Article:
GenCyber Campgoers Take Their Training to the Classroom

. . . and It’s Paying Dividends

For Washington, D.C., area high school teachers Helene Johnson and Lorraine Lloyd, the GenCyber Teacher Camp they attended has been a real game-changer.

Johnson, a computer and cybersecurity teacher at Suitland Senior High School in District Heights, Maryland, and Lloyd, a cybersecurity teacher at Loudoun Valley High School in Purcellville, Virginia, were among the 25 educators who participated last July in GenCyber Teacher Camp 2019, sponsored by the National Security Agency (NSA) and the National Science Foundation and hosted by University of Maryland Global Campus.

The intensive week-long program, which provides an array of skills, games, labs, and other supporting tools and technologies to take back to the classroom, is designed to help K-12 teachers train the cybersecurity workforce of the future by promoting best practices in cybersecurity teaching methodology and curriculum development and providing lesson plans that infuse cybersecurity principles across many subject areas.

Johnson and Lloyd told UMGC that attending the camp helped them better respond to greater interest in cybersecurity, make a real difference in the lives of their students and grow professionally.

Lloyd, who said she has seen the number of students taking her cybersecurity class double in one year, described her students as eager to get involved outside of the classroom, adding they are especially interested in participating in capture the flag competitions. Some have competed in CyberPatriot contests and Girls Go CyberStart, she said. Her students are also interested in learning material toward certification tests such as CompTIA A+, Network+, and Security+.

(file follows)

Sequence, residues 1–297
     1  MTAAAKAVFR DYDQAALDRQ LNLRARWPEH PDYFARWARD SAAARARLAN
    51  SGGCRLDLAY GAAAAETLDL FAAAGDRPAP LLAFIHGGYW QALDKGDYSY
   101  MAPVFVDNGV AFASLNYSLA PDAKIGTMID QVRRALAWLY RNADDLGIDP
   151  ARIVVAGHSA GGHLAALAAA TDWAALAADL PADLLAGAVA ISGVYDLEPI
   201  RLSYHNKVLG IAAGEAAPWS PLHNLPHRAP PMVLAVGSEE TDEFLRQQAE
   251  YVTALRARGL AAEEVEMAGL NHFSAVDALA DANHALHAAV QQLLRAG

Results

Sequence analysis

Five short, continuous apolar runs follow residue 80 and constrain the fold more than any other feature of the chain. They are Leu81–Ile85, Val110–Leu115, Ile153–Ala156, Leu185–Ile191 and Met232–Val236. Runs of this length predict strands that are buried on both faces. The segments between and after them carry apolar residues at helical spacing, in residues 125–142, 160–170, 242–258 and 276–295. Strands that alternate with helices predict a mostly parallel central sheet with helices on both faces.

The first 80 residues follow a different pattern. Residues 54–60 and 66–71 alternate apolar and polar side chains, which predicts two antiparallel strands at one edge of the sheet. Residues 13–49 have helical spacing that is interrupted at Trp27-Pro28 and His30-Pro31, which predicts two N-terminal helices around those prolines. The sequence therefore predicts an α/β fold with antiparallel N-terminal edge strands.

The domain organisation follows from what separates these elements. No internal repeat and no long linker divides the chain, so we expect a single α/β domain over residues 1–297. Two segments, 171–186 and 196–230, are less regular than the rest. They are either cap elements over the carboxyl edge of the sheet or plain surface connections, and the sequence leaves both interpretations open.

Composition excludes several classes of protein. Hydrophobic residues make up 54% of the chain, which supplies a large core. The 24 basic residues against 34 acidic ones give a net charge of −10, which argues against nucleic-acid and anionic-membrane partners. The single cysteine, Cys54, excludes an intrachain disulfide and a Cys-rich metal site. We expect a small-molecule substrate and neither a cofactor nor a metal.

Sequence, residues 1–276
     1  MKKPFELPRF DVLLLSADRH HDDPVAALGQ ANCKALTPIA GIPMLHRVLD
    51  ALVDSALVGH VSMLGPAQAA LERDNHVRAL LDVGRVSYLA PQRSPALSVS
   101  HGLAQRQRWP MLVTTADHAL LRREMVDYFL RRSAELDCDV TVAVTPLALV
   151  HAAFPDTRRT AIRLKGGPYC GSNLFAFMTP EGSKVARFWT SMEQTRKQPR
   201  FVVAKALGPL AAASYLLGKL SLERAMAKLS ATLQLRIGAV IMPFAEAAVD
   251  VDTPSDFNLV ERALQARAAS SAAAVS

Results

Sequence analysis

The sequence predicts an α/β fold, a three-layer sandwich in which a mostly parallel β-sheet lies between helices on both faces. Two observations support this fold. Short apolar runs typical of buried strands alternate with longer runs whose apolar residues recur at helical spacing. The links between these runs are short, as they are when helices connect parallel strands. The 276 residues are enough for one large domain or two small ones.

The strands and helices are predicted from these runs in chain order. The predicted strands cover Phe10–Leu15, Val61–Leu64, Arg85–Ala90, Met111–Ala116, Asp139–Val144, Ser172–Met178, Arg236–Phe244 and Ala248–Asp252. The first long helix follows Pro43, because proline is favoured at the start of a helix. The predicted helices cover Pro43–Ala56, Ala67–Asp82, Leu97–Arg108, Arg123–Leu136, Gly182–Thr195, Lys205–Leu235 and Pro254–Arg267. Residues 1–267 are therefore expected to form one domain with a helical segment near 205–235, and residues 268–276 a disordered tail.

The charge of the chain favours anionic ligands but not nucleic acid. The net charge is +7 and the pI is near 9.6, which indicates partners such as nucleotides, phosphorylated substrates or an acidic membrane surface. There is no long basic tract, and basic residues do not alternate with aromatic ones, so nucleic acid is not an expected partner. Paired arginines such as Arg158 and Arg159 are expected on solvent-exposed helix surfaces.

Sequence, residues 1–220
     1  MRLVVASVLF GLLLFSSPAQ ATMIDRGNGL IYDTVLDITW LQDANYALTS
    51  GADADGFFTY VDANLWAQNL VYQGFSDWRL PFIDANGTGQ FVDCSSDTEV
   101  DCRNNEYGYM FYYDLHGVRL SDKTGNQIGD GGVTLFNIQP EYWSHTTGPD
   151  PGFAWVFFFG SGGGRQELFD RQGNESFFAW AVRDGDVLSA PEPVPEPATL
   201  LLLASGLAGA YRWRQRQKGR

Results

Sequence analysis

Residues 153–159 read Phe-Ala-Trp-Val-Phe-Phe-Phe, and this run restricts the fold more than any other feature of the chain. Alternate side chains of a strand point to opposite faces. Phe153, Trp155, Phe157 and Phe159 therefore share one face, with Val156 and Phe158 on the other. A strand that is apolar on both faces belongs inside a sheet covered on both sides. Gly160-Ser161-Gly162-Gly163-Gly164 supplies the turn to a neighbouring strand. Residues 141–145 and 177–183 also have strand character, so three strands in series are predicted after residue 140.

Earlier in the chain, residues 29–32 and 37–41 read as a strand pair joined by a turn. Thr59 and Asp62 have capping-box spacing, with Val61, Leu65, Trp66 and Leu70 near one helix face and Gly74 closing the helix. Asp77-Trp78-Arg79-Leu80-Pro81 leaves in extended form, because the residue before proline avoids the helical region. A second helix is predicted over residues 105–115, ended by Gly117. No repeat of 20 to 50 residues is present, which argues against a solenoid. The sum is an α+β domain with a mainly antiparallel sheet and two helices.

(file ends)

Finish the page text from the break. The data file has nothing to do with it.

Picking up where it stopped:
“I love it when I can show students new skills and information and build on their existing knowledge so that they are able to solve complex problems,” Lloyd said.

Through the camp, Lloyd learned about an NSA-UMGC co-funded scholarship opportunity for a graduate certificate in cybersecurity, and was selected as one of the five scholarship winners. She is about to complete her program in Cybersecurity Management and Policy.

 “I would not have been able to afford the classes if not for the scholarship and I am a vastly better teacher for doing it,” she said.

Recently, a colleague from the Loudon County school system nominated Lloyd for the Presidential Cybersecurity Education Award. Bestowed by the U.S. Secretary of Education, the award is presented annually to two educators—one at the elementary level and one at the secondary level—who demonstrate superior achievement in instilling skills, knowledge, and passion with respect to cybersecurity and cybersecurity-related subjects. Lloyd said she is honored to have been nominated and is  realistic about her chances of winning. “I’m happy to be a part of such a critical mission.”

Johnson describes herself as a teacher who is highly committed to helping her students build both a strong sense of self-worth and a work ethic that helps them face and handle new challenges—and the risks associated with them. The former intelligence community systems engineer integrates her practical experience into the classroom, where her students routinely conduct research, share their findings in class, and tackle real-world cybersecurity problems to learn how they might resolve challenging case scenarios.

Specifically, Johnson said the GenCyber camp helped her gain a more in-depth understanding of cryptography and how to offer a better-guided practice of the topic to her students. “I continue to seek ways to present cyber material so it is relatable to today’s students and the GenCyber camp provided fun lesson plans students can enjoy,” she said.

Although it’s too early to tell if Johnson’s cybersecurity students will end up working in the field, one of her recent graduates is enrolled at the University of Maryland, College Park, where he has declared a major in management information systems.

“He is a born leader who has aspirations to work for Google and then own his own IT firm,” Johnson said.